For scientists organizing their first research laboratories, it can be difficult to secure much-needed seed funding.
That’s why Karen Christman, Ph. D., breathed a huge sigh of relief when she learned ample funding for her year-old bioengineering lab at UCSD will be flowing in for the next five years.
Christman, 30, was one of two UCSD researchers to receive a $1.5 million New Innovator Award from the National Institute of Health last month.
The grants were given to a small number of new investigators proposing bold and highly innovative research approaches with the potential to produce a major breakthrough in biomedical or behavioral research.
This aptly describes Christman’s heart tissue regeneration research, which looks beyond cells to the material surrounding them, called the extracellular matrix.
The matrix is known to play a key role in cells’ development and behavior, but has not been extensively studied in relation to stem cell differentiation.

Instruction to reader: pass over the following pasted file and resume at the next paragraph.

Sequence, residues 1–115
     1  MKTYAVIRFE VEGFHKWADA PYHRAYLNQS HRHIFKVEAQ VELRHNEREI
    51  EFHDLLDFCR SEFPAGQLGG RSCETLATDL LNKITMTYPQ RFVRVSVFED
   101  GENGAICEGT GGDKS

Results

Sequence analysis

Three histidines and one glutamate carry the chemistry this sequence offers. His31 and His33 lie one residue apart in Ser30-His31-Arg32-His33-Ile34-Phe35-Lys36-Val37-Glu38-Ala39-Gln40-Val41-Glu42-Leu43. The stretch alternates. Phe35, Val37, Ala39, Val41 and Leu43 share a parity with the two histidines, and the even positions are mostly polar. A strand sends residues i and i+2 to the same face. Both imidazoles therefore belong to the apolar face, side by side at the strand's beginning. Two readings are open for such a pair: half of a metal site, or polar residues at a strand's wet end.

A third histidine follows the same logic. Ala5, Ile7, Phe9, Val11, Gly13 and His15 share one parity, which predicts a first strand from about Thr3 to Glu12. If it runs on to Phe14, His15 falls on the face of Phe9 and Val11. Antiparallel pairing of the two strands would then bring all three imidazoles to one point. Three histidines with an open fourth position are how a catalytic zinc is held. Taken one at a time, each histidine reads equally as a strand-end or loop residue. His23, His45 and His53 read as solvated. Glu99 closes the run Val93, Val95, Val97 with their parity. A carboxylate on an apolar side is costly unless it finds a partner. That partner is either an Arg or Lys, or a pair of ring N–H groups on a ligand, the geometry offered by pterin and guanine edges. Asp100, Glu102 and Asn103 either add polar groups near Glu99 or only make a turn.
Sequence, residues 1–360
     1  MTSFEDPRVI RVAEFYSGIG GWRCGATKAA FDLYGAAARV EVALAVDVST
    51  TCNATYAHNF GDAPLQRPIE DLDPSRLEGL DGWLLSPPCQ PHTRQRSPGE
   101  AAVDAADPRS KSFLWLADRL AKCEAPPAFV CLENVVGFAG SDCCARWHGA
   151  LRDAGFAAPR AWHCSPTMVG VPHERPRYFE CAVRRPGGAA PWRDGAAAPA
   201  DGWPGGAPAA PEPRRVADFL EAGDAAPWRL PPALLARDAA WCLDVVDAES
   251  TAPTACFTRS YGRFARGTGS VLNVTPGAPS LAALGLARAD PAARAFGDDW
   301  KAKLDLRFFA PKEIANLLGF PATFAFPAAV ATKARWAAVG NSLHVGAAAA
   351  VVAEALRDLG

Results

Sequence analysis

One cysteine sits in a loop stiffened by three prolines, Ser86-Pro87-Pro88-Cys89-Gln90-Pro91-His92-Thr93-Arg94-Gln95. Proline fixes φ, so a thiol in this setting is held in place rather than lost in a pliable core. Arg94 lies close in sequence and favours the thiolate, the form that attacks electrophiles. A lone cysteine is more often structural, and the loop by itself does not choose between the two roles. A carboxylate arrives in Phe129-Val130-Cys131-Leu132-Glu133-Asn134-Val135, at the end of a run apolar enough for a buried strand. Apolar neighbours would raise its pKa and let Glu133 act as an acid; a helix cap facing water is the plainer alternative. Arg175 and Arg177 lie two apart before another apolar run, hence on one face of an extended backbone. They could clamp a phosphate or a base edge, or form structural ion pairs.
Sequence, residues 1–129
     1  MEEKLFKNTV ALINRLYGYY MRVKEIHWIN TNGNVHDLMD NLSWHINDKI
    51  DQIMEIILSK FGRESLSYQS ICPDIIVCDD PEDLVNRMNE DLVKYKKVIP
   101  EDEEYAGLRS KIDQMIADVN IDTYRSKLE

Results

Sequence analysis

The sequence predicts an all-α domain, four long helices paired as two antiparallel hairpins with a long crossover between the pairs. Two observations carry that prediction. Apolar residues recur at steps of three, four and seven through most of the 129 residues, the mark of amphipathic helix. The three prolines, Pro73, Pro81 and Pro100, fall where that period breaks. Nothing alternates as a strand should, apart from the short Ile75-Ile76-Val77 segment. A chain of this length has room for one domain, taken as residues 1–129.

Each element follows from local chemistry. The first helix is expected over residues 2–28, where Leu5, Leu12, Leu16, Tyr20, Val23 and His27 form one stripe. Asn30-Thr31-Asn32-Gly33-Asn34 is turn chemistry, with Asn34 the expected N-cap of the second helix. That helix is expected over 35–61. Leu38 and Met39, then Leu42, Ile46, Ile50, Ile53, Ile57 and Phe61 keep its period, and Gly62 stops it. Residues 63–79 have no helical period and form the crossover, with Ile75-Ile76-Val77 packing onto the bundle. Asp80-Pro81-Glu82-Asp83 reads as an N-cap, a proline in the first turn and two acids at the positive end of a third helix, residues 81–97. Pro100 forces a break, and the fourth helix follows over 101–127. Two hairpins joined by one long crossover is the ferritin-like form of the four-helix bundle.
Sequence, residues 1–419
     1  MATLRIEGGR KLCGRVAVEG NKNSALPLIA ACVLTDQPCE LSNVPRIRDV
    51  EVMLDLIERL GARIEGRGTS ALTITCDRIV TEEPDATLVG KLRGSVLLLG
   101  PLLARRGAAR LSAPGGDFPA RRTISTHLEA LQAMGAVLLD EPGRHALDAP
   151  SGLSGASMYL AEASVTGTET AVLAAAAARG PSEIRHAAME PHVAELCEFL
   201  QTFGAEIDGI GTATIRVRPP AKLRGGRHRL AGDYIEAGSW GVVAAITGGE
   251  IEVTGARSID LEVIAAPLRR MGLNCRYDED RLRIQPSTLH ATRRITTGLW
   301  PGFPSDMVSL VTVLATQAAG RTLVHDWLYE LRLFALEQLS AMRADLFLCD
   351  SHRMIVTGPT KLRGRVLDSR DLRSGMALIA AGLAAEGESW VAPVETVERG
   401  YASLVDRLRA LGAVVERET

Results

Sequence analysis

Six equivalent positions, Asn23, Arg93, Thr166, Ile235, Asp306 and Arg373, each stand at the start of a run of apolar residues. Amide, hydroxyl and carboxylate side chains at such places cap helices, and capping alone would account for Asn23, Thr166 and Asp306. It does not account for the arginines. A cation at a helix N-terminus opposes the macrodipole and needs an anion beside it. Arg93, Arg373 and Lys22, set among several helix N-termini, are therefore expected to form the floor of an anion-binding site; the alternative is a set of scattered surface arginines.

Christman is working to create matrices in the lab that will provide step-by-step cues for directing cell behavior, including what makes stem cells become a heart muscle cell or skeletal muscle cell.
If successful, Christman and her team could help control stem cells, paving the way for all sorts of regenerative medicine therapies.
“It’s a big challenge to try to attempt,” Christman said. “I think a lot of people are making progress, especially now that they are starting to pay attention to the matrix.”
Earlier prospectsIt may take many years to solve this puzzle, but Christman is also developing other regenerative treatments to help heart tissue heal after a heart attack, and even prevent heart failure. These non-cell-based treatments may come much sooner.
“My goal is to develop a therapy,” she said. “If we can develop something in the lab that actually goes into a human, actually helps prevent heart failure … I think that would be one of the best things.”
Christman planned to study medicine until she stumbled upon bioengineering while at Northwestern University.
“Bioengineering combined everything I was interested in - it was the perfect fit,” she said.
She went on to receive her masters and Ph.D. from UC San Francisco and Berkeley, and completed her post-doctoral work at UCLA.